Many people are juggling busy lives, from work to child care and everything in between. To get through your daily to-do list, are you sacrificing sleep? You shouldn’t.
Since childhood, we’ve been told a good night’s sleep is important. Knowing the importance of sleep and actually making time for it are two different matters. It might be tempting to trade off some sleep time in order to get more things done, or to rely on a cup (or more) of coffee to keep you going when sleep deprived.
However, as the medical community conducts more research into the science of sleep, they are finding out just how crucial it is to our mental and physical wellbeing to get enough sleep. Not only do you need enough hours of sleep each night, but you also need sound sleep instead of a restless type of sleep. As you continue navigating the many challenges caused by the pandemic, increased stress may be one of the factors disrupting the quality of your sleep.
Are you sleeping enough?
Before we look at some of the drawbacks of not getting enough sleep, let’s consider what “enough sleep” means. As you might expect, there’s no magic number of hours that satisfy the requirement for adequate sleep. Everyone has their own body clock and personal sleep needs, but in general it’s recommended that adults aim for seven to nine hours per day as part of good sleep hygiene.
If roughly eight hours a night sounds unattainable to you, maybe you’ll commit to getting more sleep when you discover how a sleep deficit interferes with your health.
Common consequences of insufficient sleep
Despite best intentions, few people get the right amount of sleep every night. It’s not a concern if you miss out on a few hours of sleep from time to time, but when sleep deprivation becomes habitual, you put yourself at risk of certain ailments and conditions. According to Healthline.com, these issues include but are not limited to the following:
- Memory issues. Your brain needs adequate sleep to absorb and remember new information
- Lack of focus. Your ability to concentrate, solve problems and avoid accidents relies on getting enough sleep
- Moodiness. A lack of sleep may make you emotional, quick-tempered, anxious or depressed
- Weakened immunity. Sleep promotes a strong immune system that can help fend off viruses
- Chronic conditions. High blood pressure, diabetes, obesity and heart disease are linked to insufficient sleep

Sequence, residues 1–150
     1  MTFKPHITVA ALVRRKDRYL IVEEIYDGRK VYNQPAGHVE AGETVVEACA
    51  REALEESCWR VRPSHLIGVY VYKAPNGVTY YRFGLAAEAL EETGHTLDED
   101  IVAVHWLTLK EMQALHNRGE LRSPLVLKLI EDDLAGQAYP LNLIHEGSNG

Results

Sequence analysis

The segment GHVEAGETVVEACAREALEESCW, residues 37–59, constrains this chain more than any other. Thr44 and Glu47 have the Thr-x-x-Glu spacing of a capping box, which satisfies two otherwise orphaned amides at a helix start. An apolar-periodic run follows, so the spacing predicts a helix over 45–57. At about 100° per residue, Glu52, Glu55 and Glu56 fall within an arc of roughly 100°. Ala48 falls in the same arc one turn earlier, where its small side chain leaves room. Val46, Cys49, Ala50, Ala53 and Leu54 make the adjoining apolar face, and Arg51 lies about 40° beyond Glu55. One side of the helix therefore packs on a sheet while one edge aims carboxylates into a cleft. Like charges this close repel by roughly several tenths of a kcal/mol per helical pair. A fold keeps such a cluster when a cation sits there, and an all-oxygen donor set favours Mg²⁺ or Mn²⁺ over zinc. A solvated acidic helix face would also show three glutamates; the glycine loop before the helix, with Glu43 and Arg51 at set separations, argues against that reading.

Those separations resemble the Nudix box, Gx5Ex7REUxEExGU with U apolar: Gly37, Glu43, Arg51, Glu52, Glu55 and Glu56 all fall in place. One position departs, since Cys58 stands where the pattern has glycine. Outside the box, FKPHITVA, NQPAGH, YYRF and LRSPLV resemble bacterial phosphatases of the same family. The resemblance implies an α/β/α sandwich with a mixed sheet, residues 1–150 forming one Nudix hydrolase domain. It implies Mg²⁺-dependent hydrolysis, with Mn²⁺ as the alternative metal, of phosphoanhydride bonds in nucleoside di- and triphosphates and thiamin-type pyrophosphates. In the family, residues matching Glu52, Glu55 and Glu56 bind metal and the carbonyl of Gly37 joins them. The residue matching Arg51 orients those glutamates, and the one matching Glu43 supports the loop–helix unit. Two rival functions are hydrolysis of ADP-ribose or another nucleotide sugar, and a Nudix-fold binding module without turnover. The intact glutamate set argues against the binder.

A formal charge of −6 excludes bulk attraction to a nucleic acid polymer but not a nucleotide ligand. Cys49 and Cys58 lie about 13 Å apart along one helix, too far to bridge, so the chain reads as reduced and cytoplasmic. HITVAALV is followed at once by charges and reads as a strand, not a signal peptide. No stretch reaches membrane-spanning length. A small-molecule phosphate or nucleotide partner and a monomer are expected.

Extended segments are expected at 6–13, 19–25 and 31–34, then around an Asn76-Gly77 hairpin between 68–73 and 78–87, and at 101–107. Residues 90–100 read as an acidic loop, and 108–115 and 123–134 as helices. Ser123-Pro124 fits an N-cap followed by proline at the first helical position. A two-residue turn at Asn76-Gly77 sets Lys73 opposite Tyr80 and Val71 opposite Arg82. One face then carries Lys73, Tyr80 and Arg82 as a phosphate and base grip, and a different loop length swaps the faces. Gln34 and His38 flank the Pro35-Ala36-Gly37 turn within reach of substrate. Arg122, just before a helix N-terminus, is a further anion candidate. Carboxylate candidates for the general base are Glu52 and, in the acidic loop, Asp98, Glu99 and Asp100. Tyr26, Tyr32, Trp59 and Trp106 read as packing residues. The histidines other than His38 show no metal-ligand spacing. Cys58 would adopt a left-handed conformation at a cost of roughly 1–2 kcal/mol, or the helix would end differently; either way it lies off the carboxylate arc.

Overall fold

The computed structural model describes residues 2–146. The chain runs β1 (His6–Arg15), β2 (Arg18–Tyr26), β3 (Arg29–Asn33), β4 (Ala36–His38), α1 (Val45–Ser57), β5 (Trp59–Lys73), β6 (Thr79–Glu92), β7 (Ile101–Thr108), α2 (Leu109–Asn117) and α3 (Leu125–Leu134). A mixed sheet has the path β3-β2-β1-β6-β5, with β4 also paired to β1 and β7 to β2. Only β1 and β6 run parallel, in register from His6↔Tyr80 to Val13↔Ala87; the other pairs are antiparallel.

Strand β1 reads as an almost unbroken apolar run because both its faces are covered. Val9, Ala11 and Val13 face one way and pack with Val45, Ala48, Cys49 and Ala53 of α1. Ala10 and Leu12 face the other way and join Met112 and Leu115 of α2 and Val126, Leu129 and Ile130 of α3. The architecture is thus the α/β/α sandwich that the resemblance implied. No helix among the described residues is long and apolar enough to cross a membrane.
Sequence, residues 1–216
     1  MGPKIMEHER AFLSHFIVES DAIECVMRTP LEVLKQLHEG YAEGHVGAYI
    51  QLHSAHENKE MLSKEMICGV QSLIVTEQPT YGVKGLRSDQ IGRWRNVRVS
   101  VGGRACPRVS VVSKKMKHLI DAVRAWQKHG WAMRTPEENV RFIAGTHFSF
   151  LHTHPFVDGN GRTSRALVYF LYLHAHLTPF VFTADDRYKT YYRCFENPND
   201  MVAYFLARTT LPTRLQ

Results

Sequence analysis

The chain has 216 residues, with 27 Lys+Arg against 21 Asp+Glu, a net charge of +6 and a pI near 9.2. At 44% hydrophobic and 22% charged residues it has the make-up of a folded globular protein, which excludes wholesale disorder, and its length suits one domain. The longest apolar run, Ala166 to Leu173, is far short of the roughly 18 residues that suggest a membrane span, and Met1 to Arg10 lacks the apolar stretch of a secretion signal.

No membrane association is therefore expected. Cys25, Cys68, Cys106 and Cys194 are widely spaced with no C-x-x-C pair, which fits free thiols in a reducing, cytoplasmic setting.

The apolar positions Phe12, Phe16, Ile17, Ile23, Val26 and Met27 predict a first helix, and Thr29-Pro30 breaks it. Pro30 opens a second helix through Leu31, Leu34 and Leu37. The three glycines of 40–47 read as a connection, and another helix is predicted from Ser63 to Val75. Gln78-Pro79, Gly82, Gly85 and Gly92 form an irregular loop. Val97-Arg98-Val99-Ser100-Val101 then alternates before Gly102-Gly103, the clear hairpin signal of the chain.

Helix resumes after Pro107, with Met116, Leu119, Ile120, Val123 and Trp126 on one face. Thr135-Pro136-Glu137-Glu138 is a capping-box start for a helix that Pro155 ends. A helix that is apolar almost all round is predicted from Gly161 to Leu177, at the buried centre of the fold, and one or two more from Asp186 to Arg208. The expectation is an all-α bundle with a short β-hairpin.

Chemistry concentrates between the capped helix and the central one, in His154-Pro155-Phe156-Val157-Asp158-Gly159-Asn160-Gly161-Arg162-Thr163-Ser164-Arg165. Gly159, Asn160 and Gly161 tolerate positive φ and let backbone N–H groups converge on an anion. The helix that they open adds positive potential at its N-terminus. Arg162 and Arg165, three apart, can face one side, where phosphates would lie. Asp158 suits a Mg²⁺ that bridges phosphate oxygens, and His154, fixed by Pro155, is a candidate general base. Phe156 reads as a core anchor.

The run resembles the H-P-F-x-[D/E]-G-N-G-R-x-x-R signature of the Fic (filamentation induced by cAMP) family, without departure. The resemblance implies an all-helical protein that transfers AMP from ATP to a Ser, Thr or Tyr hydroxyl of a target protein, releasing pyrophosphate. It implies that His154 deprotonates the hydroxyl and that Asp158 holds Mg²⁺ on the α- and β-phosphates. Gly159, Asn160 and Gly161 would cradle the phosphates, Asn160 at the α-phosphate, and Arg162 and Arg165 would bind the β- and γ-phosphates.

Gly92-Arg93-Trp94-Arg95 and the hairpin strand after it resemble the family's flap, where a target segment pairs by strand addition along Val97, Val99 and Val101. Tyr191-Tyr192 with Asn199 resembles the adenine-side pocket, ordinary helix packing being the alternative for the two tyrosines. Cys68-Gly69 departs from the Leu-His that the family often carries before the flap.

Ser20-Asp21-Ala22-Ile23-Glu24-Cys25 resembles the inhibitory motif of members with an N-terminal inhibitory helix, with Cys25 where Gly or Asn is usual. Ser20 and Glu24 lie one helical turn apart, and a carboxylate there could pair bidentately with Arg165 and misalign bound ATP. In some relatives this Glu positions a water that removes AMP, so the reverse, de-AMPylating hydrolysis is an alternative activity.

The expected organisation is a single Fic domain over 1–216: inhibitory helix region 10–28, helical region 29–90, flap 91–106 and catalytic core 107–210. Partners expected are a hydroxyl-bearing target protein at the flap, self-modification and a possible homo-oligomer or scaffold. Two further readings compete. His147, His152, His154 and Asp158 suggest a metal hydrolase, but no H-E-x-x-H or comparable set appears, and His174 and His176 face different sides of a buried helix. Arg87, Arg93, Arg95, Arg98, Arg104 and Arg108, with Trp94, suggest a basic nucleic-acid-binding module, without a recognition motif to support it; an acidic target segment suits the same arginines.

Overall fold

This list of ailments and conditions is not meant to stress you even more, but it’s a reminder that getting the shuteye you need is not just about having your “beauty sleep.” Without enough sleep on a regular basis, you put yourself at risk of serious health issues.
Tips on how to get quality sleep
Fortunately, there are proven ways to ensure you can enjoy a better night’s sleep that will leave you feeling refreshed, energetic and ready to tackle the day’s challenges. The U.S. Centers for Disease Control and Prevention offer five sleep hygiene tips:
- To establish your circadian rhythm, which regulates your sleep-wake cycle, try going to bed at roughly the same time each night (including weekends, if possible) and wake up around the same time each morning
- Minimize the use of electronic devices as you prepare for bedtime. Many people watch TV or spend time on their phone/tablet in bed. Not only may this practice overstimulate your mind and keep you awake, but blue light emitted from electronic devices may disrupt your sleep
- Keep your bedroom quiet, relaxing and as dark as possible Also maintain a comfortable bedroom temperature (cool is usually better for sleeping), as sleep is difficult when it’s too hot or cold
- Avoid large meals and caffeine or alcohol before bedtime, as you’ll be taxing your body to digest and process food and drink instead of letting your body focus on sleep
- Be physically active and exercise during the day, but strive to curtail your activities within a few hours before going to bed. Being active in the daytime can help you fall asleep more easily and deeply at night